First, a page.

VOLUME 33, NUMBER 25 THURSDAY, April 18, 2002

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Igniting Ideas Awards to be presented
Pataki, CEOs of Compaq and Veridian to be honored at Industry University Day 2002

News Services Editor

Gov. George E. Pataki and the chief executive officers of two major corporations will be honored on May 9 by UB and its School of Engineering and Applied Sciences for their roles in establishing the Buffalo Center of Excellence in Bioinformatics.

Igniting Ideas Awards, presented to business and civic leaders who have demonstrated outstanding support to UB and the economic development of Western New York, will be presented at a luncheon at noon on May 9 at Industry University Day 2002 in the atrium of the Center for the Arts, North Campus.

"Vital Partners Igniting Ideas" will be the theme of the event, which will begin with a reception at 11 a.m.

Pataki, who will be keynote speaker, will receive an Igniting Ideas Award for his leadership in establishing the center, which he proposed early last year and which he has envisioned as creating thousands of high-tech jobs and transforming Western New York into a 21st-century economy. A collaborative effort involving New York State, industry partners and academic institutions, the center to date has attracted $50 million in state funding and more than $150 million in private-sector funding.

Michael D. Capellas, chairman and chief executive officer of Compaq Computer Corp., and David H. Langstaff, president and chief executive officer of Veridian Corp., both of whom will speak at the event, will receive Igniting Ideas Awards for their companies' contributions in establishing the center.

"We are tremendously pleased and proud to present this year's Igniting Ideas Awards to Gov. George Pataki, David H. Langstaff of Veridian and Michael D. Capellas of Compaq," said President William R. Greiner. "Each of these outstanding leaders truly exemplifies the spirit of the award, which is grounded in our belief that great things happen through collaboration—great things happen when the university, government and local and international business come together for the good of the region and state."

Greiner noted that "it was Gov. Pataki who first ignited the idea of the Buffalo Center of Excellence in Bioinformatics—and we at UB ran with that idea, an idea that came to fruition through the generous and visionary support of Veridian and Compaq, as well as our other corporate partners and business supporters.

"As the governor has remarked," he added, "the Buffalo Center of Excellence in Bioinformatics has the potential to dramatically redefine the economic landscape of our region and state. It's just one example of how an idea, once ignited, nurtured and given full developmental support, has the power to transform and revitalize the economy.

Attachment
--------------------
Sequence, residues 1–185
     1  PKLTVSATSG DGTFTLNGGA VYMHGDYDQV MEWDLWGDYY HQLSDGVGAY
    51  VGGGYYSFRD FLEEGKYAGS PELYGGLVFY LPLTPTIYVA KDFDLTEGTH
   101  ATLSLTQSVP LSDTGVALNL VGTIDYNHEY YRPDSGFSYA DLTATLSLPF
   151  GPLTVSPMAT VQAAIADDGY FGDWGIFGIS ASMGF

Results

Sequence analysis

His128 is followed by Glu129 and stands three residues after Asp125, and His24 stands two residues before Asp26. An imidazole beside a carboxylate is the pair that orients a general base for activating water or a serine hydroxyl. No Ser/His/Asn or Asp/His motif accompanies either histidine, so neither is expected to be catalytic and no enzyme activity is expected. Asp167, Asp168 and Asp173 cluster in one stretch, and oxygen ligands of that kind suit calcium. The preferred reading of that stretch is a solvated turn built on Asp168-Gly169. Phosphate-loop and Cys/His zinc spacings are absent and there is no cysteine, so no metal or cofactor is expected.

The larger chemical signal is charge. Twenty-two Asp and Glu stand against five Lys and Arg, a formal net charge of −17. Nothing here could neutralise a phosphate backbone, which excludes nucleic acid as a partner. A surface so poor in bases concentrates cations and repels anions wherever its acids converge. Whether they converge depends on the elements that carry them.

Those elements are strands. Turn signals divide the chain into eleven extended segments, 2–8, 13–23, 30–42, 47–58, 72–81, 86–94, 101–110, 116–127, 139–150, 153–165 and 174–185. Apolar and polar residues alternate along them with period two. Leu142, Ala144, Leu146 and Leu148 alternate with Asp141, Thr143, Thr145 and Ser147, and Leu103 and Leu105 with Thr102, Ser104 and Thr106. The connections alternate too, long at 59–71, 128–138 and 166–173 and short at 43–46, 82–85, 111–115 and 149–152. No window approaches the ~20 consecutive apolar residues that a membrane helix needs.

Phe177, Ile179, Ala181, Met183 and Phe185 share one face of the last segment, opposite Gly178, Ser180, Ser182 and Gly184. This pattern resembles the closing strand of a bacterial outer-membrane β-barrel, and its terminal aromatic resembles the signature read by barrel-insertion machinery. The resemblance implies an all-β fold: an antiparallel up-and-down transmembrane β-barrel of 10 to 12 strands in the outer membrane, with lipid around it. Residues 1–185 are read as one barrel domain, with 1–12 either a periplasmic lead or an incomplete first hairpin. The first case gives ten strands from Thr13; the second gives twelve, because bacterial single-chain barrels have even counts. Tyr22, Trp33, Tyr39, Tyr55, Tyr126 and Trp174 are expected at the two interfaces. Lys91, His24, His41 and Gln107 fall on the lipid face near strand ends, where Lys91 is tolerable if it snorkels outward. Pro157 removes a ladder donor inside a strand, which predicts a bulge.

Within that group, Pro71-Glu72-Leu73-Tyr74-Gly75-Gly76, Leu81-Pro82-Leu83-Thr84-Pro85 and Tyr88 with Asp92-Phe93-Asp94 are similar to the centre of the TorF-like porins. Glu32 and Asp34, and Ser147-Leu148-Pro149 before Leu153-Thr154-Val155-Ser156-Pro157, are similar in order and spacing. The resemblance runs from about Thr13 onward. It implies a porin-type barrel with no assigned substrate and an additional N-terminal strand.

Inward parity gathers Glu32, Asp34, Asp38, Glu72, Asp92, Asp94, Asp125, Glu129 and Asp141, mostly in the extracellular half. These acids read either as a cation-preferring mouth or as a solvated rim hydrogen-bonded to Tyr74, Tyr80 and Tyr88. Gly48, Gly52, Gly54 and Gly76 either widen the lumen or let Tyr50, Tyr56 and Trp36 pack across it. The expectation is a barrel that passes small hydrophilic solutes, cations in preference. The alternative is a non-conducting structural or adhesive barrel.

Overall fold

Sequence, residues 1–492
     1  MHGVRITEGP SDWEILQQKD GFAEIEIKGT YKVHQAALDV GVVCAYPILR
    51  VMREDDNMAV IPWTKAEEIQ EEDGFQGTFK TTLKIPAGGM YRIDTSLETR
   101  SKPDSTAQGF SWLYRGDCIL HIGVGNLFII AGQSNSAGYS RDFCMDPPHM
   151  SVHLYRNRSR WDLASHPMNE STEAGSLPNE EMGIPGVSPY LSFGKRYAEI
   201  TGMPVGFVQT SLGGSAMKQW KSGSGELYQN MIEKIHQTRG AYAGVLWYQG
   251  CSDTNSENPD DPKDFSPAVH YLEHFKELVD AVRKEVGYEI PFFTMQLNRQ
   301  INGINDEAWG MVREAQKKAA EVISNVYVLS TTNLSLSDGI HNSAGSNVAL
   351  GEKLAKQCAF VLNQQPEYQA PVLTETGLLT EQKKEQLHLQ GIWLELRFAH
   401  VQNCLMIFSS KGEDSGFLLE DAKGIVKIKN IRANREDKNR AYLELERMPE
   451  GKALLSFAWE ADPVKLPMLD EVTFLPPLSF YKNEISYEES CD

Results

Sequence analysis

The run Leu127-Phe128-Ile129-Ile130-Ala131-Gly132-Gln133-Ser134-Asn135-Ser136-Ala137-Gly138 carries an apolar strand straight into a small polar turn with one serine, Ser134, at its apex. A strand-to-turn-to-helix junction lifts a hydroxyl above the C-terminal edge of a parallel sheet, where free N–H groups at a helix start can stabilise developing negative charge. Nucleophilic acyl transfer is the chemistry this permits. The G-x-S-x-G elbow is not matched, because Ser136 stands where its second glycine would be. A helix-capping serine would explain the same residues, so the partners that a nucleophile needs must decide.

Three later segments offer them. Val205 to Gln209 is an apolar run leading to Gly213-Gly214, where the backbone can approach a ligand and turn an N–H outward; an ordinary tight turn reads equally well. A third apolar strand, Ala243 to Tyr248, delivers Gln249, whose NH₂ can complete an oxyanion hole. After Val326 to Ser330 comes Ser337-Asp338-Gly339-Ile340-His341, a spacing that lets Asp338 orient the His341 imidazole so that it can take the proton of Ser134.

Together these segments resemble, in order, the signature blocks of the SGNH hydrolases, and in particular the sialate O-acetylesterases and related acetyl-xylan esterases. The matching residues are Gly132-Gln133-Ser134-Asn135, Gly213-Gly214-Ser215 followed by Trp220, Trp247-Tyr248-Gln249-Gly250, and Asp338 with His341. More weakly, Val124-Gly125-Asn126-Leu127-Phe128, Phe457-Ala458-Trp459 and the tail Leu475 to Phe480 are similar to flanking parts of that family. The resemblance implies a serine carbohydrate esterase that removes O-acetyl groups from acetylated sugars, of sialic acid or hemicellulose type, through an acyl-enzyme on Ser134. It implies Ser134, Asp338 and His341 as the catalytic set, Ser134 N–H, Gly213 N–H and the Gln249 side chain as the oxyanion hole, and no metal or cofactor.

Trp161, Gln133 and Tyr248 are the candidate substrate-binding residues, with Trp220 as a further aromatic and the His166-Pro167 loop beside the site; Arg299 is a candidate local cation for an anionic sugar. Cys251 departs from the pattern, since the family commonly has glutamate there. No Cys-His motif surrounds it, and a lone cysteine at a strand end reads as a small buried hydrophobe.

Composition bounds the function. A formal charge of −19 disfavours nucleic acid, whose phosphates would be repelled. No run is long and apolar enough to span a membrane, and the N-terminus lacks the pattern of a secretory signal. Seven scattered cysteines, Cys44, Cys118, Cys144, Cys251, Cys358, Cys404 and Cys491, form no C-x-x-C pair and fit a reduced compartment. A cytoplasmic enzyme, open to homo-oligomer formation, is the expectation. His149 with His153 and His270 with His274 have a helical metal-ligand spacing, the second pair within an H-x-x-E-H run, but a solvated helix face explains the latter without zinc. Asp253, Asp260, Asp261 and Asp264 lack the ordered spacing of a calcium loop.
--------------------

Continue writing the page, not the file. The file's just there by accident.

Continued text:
"We at UB, along with our research partners, the Roswell Park Cancer Institute and the Hauptman-Woodward Medical Research Institute, are grateful to Gov. Pataki, Mr. Langstaff and Mr. Capellas for their outstanding support of the center, and we look forward to an exciting new future ahead."

Provost Elizabeth D. Capaldi noted that "the governor's vision and commitment have allowed us to obtain partnerships with the major corporations we are honoring."

"Buffalo is currently a leader in the developing field of bioinformatics," she added, "and with our corporate and research partners we intend on keeping that lead and producing a 21st-century economy in Buffalo based on this superb science."

Compaq and Veridian are providing a total of more than $95 million toward the Buffalo Center of Excellence in Bioinformatics. Compaq is a global leader in information technology and solutions with operations in more than 100 countries. Veridian, a leading provider of information-based systems, integrated solutions and services to the U.S. government, specializes in mission-critical national security programs, primarily for the intelligence community.

As part of its partnership with UB, Compaq will be providing the university's Center for Computational Research (CCR) with a Compaq Alpha supercomputer that will more than double the center's current computing capacity and be able to do a trillion operations per second, which is 1,000 times the computing power of today's fastest PC. In addition to the substantial increase in computing power, Compaq will deliver a large storage system that will increase CCR's file storage system by more than a factor of 10.

UB's relationship with Veridian (formerly Calspan) through its Calspan-UB Research Center (CUBRC) has been a longstanding one. University researchers currently are working with Veridian on transportation studies, including modeling of vehicle dynamics and crash simulation.

Other UB researchers are affiliated with CUBRC's Center for Transportation Injury Research, a federally funded initiative to develop and evaluate systems and technologies designed to improve emergency-response systems in order to reduce injuries and loss of life resulting from vehicle-related crashes.

Veridian also is working as a subcontractor to CCR on a multimillion-dollar project aimed at trying to replace very expensive high-end visualization systems with much cheaper, commodity-level components. Applications for this technology include everything from the medical profession to defense-related projects.